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Effective July 1, 2012, sports organizations, including youth leagues such as the Omaha Sports Athletic Association (OSAA), are required to comply with the Concussion Awareness Act passed by the Nebraska legislature.

The bill affects athletes 19 years old or younger, sports organization, including youth leagues, club sports, or any organization sponsoring a sporting activity where there is a cost to participants or where such costs are sponsored must follow the law.

We are all responsible for complying with this new Act.  After all, our goal is to keep our young athletes safe.  In an effort to meet the requirements of this new legislation, we are doing the following:

  1. A 30 minute on-line training program is available on the CDC's website. We strongly encourage everyone to take this program.

  2. Become familiar with this informational fact sheet regarding concussions. Although there is a signature block, the law currently does not require this form be signed.  For your convenience, this document is available below on this page, as well as two documents dedicated to athletes and parents respectively.

  3. Anytime a player, in practice or in a game, is suspected of having a concussion or is showing the symptoms of a concussion, the player must immediately be removed from that practice or the game.  The athlete may not return to practice or play in a game until written clearance is provided from both a physician and the parent(s).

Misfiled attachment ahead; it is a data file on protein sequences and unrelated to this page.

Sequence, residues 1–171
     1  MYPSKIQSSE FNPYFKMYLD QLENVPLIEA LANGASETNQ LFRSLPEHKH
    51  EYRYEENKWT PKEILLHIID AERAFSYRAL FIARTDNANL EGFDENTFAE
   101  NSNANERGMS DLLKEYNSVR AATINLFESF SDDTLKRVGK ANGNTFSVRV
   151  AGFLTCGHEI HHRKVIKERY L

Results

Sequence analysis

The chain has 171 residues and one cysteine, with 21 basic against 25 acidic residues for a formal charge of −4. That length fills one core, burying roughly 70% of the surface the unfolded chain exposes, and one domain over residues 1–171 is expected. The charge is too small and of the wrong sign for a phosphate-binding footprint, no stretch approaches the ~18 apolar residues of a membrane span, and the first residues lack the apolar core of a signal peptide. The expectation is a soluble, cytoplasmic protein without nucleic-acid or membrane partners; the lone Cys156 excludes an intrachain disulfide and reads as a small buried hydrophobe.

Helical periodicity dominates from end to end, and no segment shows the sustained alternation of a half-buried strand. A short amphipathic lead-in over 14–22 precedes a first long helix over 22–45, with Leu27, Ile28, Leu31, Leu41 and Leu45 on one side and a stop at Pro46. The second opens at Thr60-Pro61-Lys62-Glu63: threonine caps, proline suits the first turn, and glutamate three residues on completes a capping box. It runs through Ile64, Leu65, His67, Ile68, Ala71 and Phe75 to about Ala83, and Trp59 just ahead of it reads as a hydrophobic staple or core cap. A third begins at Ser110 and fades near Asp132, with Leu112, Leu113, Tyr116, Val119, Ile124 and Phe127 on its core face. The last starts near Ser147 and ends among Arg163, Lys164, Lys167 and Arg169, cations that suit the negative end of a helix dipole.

Please take some time to review this material.  We have a responsibility to take care of our athletes, and this is an important step.


  • A concussion is a brain injury and all are serious.

  • Most concussions occur without loss of consciousness.

  • Recognition and proper response to concussions when they first occur can help prevent further injury or even death.


A concussion is a type of traumatic brain injury, or TBI, caused by a bump, blow, or jolt to the head that can change the way your brain normally works. Concussions can also occur from a blow to the body that causes the head to move rapidly back and forth. Even a “ding,” “getting your bell rung,” or what seems to be mild bump or blow to the head can be serious.
Concussions can occur in any sport or recreation activity. So, all coaches, parents, and athletes need to learn concussion signs and symptoms and what to do if a concussion occurs.

Parent and Athlete Info Sheet


Parent Info Sheet
Athlete Info Sheet
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